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CBO Proposed Veterans Disability Budget Cuts

by Joe Whitcomb / August 19, 2014

On August 7th, the Congressional Budget Office (“CBO”) released its report of proposed policy changes that would modify the Veterans Affairs’ (“VA”) disability compensation program. The VA, through the Veterans Benefits Administration (“VBA”), compensates U.S. veterans for medical conditions or injuries incurred or aggravated during active military duty. Because many disabled veterans utilize the VA health system for their medical needs, the CBO’s proposed changes could significantly affect both current and future military veterans’ ability to receive disability payments.

The CBO Report Findings

The CBO created its report in response to Representative Michael Michaud’s (D-ME) concerns about increased disability claims. According to the report, from 2000 to 2013, the number of veterans who received disability payments rose by almost 55 percent (from 2.3 million to 3.5 million) despite a 17 percent decline in the total population of living veterans (from 27 million to 22 million). During that same period (after taking inflation into account), annualized disability payments rose by nearly 60 percent (from $8,100 to $12,900). In addition, the CBO found that the VA spends nearly three times the amount it spent on veterans’ disability benefits in 2000 (from $20 billion to $54 billion). The VA projects that disability obligations will total $64 billion in 2015.

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CBO Proposed Options

The CBO proposed eight options that either modify the VA’s processes for identifying service-connected disabilities or change the way the government makes payments: 1) place a time limit on a veterans’ ability to file an initial application; 2) require the VA to expand use of re-examinations; 3) change the standard for declaring presumptive conditions; 4) restrict individual unemployability benefits to veterans who are younger than full Social Security retirement age; 5) supplement payments to veterans who have mental disorders; 6) change the cost-of-living adjustment; 7) change concurrent receipt; or 8) tax VA disability payments.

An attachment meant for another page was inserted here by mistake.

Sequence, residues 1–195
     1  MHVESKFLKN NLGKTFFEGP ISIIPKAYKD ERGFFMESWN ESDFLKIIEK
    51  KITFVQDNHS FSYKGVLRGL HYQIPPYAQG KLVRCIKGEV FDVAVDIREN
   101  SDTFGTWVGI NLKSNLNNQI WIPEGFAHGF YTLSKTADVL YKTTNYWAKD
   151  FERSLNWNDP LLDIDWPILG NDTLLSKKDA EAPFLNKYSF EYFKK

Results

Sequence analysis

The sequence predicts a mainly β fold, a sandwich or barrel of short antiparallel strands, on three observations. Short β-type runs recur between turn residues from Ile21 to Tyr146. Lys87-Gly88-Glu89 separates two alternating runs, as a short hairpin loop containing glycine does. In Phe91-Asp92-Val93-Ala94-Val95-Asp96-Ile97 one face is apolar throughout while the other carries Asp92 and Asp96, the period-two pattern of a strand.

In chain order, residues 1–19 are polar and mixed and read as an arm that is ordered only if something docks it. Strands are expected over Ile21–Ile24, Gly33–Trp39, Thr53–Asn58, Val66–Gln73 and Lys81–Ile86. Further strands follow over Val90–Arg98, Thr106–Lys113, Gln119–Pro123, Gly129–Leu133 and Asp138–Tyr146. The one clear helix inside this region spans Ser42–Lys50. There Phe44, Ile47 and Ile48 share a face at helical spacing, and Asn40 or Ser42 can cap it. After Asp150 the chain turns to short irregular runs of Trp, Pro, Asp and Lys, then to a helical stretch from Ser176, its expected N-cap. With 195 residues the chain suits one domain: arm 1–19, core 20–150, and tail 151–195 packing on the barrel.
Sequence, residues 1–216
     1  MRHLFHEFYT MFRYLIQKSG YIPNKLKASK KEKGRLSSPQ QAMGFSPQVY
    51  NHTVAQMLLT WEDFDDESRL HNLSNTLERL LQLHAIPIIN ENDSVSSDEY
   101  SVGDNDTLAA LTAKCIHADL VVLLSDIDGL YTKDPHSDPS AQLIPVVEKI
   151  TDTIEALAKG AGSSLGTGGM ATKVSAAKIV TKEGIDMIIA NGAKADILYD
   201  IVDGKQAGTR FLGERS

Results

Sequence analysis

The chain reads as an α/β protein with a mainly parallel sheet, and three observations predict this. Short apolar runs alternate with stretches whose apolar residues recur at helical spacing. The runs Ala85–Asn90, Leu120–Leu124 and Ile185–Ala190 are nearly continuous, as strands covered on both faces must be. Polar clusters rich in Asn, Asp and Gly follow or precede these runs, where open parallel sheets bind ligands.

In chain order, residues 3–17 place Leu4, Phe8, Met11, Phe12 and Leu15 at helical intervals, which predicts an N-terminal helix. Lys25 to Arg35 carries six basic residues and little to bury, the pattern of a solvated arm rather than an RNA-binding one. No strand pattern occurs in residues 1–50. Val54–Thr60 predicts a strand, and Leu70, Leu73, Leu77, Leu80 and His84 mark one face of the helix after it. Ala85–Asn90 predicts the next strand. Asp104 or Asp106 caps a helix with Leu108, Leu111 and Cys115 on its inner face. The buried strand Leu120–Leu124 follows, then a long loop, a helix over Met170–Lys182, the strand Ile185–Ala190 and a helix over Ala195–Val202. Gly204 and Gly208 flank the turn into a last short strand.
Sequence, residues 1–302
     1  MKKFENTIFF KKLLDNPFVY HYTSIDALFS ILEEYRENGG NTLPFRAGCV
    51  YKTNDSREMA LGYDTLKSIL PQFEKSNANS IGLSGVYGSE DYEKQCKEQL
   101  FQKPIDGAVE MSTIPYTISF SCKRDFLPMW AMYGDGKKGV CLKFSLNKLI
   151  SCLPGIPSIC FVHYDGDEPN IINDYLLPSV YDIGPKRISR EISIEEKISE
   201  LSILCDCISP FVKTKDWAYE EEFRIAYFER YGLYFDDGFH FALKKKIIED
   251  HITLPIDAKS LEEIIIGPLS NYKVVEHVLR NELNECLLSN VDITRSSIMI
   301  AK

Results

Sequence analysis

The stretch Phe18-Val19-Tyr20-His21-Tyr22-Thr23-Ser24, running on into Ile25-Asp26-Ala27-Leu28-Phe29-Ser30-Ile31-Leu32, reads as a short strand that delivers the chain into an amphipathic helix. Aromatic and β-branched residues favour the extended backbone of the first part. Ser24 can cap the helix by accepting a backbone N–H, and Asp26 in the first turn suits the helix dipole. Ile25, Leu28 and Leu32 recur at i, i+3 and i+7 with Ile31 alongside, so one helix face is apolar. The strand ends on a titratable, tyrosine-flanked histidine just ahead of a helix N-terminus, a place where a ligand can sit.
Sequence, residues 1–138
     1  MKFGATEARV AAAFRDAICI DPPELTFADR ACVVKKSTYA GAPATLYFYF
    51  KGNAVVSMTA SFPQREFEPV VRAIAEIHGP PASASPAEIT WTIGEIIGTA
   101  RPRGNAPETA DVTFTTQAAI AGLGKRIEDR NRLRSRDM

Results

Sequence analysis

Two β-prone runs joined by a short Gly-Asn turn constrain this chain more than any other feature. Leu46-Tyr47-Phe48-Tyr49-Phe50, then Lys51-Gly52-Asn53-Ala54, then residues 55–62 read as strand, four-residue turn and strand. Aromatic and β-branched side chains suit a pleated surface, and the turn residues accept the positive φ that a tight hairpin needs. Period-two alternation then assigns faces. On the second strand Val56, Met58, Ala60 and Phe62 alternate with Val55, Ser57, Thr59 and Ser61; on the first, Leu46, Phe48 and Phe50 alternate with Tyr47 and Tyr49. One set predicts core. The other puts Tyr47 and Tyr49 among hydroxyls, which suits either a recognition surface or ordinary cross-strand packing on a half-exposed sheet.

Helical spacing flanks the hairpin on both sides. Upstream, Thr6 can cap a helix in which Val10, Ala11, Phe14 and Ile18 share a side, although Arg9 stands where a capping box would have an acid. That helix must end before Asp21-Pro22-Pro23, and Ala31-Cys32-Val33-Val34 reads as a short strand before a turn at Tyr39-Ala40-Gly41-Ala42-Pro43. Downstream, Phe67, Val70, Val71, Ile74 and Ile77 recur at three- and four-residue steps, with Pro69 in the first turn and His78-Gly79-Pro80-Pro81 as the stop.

The CBO determined that eliminating the “concurrent receipt” program would create the largest budgetary effect. Under the concurrent receipt program (instituted in 2003), the government does not reduce a veteran’s retirement pay based on the disability that veteran received. Before 2003, the government reduced the veteran’s retirement pay by any VA disability benefits that the veteran already received. The CBO estimated that the federal government would save $119 billion from 2015 through 2024 by eliminating the concurrent receipt program.

Alternatively, the CBO determined that taxing currently tax-exempt disability payments would have the second-largest budgetary effect and save the government $64 billion through 2024. The CBO estimated that requiring veterans to file applications within five years after leaving the military would save $28 billion while changing the cost-of-living adjustment would save $10 billion.

The Opposition

Opponents of the changes believe the increased payments made to veterans are warranted and reductions to veterans’ disability benefits would allow Congress to shirk the promises it made to veterans and avoid payment on veterans’ legitimate claims. Neither the VA nor Congress has weighed in on the report yet. However, veterans can expect to hear more about this issue in the coming months.

Let Us Protect Your Rights

The attorneys at Whitcomb, Selinsky PC and the Rocky Mountain Disability Law Group specialize in protecting military veterans and their rights. If you are a veteran with questions about how the CBO’s proposed changes may affect you and the disability you may receive, contact the Rocky Mountain Disability Law Group today.

Contact us today to learn more about how we can help ensure you receive the benefits you are entitled to. Please call (303) 534-1958 or complete a contact form on our

Tags: Veterans Disability

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Joe Whitcomb

Joe Whitcomb

Joe Whitcomb is the founder and president of Whitcomb, Selinsky, PC (WSM). In addition, he manages the firm and heads up the Government Procurement and International Business Transactions Law sections. As a result of his military service as a U.S. Army Ranger and as a non-commissioned officer in the Air Force, he learned mission accomplishment. While serving in the Air Force, he earned his Bachelor’s in Social Sciences and a Master’s in International Relations. His Master’s emphasis was on National Security and International Political Economics. After his military career, Joe attended law school at the University of Denver Sturm College of Law.

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